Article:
This recipe for white bean dip is based on one from Today's Parent Magazine and has been a staple in our house for awhile. The beans are a good source of both fibre and protein and make for a hearty snack.

To make white bean dip, you will need:

1 small clove of garlic
1 540mL can of white kidney beans, drained and rinsed (I use no-salt-added beans)
2 tbsp freshly squeezed lemon juice
2 tbsp extra-virgin olive oil
1 tbsp chopped fresh parsley
sea salt and pepper to taste

Mince the clove of garlic by dropping it into a food processor with the motor running. Turn off motor and add kidney beans, lemon juice, olive oil, parsley, sea salt and pepper. Process dip until smooth.

Serve this delicious dip with your favourite raw veggies and enjoy!

The lakes and pools might be too cold for swimming yet, but you can go for a dip in one of these quick and healthy concoctions anytime! (No bathing suits or towels required.) Hope you're all enjoying the sunshine this week!

Sunday, May 8, 2011

For my mom

Have you ever caught yourself saying or doing something and suddenly realized, "Oh my goodness, I have turned into my mother!"? I do that all the time... and I'm so glad I'm like her.

Happy Mother's Day to my beautiful mom. xo

Friday, May 6, 2011

A very special visitor

My blogging project has become a bit of a family affair. Because the boys are often the subject of my posts, they're curious to read what I write each week, and they also like to offer up suggestions for new material. Whenever something they think is funny or interesting happens in our day-to-day life, they tell me I should take a picture and blog about it. (They're so cute.) They propose thoughtful or comical titles for my posts, and they're really great encouragers. I love that the boys have fun being involved in an activity I enjoy so much.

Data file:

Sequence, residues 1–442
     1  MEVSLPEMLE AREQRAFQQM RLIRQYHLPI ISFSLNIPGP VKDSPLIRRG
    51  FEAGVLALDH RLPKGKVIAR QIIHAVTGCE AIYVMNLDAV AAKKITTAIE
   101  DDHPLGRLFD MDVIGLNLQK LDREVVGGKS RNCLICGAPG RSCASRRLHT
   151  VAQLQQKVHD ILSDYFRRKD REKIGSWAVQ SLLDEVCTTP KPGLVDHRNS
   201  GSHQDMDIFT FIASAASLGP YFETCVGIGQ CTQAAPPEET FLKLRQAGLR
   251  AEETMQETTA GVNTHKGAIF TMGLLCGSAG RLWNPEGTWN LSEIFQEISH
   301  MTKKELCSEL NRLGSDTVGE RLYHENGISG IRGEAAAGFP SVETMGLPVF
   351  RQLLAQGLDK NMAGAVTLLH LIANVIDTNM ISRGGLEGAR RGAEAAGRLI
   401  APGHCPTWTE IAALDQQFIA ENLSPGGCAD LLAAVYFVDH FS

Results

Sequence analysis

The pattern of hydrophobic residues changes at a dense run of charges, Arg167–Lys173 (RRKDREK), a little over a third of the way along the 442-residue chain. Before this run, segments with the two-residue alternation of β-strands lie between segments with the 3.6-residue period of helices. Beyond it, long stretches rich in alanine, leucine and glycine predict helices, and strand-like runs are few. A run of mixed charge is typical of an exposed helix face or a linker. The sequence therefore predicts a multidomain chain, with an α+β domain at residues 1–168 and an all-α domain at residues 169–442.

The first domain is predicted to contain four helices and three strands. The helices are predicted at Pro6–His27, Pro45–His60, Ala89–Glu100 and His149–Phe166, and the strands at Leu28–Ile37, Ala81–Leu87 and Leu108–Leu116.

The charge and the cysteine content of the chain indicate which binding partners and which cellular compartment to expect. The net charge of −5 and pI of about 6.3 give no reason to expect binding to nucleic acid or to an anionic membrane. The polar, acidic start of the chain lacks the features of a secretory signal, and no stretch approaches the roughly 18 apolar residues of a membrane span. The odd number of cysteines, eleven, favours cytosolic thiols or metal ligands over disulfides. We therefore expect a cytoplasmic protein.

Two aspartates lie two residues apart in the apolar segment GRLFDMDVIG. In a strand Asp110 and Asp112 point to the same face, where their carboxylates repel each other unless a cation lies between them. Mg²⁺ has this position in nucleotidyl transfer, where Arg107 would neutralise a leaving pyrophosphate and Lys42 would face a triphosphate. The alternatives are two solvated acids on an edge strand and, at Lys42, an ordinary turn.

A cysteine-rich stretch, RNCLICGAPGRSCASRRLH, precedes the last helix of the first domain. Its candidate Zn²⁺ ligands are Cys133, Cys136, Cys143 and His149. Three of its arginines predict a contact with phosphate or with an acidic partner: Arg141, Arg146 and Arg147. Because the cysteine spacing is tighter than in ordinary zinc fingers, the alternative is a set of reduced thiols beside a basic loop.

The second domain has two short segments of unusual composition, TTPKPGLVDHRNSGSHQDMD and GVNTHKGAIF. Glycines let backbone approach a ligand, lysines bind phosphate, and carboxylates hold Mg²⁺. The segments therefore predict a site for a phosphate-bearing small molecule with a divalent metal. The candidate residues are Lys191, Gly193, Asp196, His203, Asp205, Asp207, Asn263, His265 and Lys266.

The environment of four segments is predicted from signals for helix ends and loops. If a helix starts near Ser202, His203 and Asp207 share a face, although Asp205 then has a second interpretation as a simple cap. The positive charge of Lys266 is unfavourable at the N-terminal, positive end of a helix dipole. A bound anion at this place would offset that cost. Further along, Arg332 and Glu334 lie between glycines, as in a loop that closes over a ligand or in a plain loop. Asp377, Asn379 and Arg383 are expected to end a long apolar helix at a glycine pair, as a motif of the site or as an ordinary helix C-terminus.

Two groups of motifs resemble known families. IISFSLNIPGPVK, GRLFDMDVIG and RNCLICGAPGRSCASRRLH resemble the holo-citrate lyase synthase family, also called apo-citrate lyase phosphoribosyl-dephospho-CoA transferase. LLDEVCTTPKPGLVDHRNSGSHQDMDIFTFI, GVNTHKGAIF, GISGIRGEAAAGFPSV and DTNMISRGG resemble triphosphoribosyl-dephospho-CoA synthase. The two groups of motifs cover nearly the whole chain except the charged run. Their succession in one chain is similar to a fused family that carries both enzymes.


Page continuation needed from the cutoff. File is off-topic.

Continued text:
Will is completely fascinated with the live traffic feed I've installed on my site. Most mornings he checks to see which countries people have visited from by studying the flag icons on the screen. Whenever he sees an unusual one, he hollers to me excitedly, and if he doesn't recognize a flag, he runs to get his almanac so he can identify it. Who knew that writing a blog would turn into geography and world studies lessons for our family?

Last week, the flag for Israel showed up on my traffic feed, and I'd never had a visitor from that country before. (Thanks for visiting, whoever you are!) When Will saw the city name of "Nazareth" beside the flag, his eyes widened, he stared at me excitedly and he said, "Mom! That could be Jesus!!" I couldn't help but burst out laughing as I imagined Jesus reading my blog. (Oh, my sweet, innocent boy!) That moment has become a bit of a running joke around our house all week, and while Will keeps telling us that it's not nice to joke about Jesus, we've assured him that it is okay to joke about Jesus reading my blog (because the joke is more about me than it is about Jesus!). I'm sure I'll never have a visitor who causes such excitement again!

The reader from Nazareth returned to my site several hours after the first visit, by the way. I guess Jesus liked my blog. Now that's a compliment!

Wednesday, May 4, 2011

Soaking wet to save the world

Noah belongs to a swim club that involves practices two evenings a week. On the nights that I take him to the pool, I wait patiently outside the boys' locker room after practice, unable, of course, to go in to move him along or to make sure that he's gathered all of his things. Most nights he eventually emerges, showered and smiling, from the locker room, with all of his gear successfully (though haphazardly) stuffed into his bag, and we head on our merry way home.

Last night, however, it seemed to me that Noah was taking an unusually long time to finish up in the locker room. When he finally burst through the door, he was struggling to drag his apparently very heavy bag along with him, and I noticed that the bag was oozing water from various locations.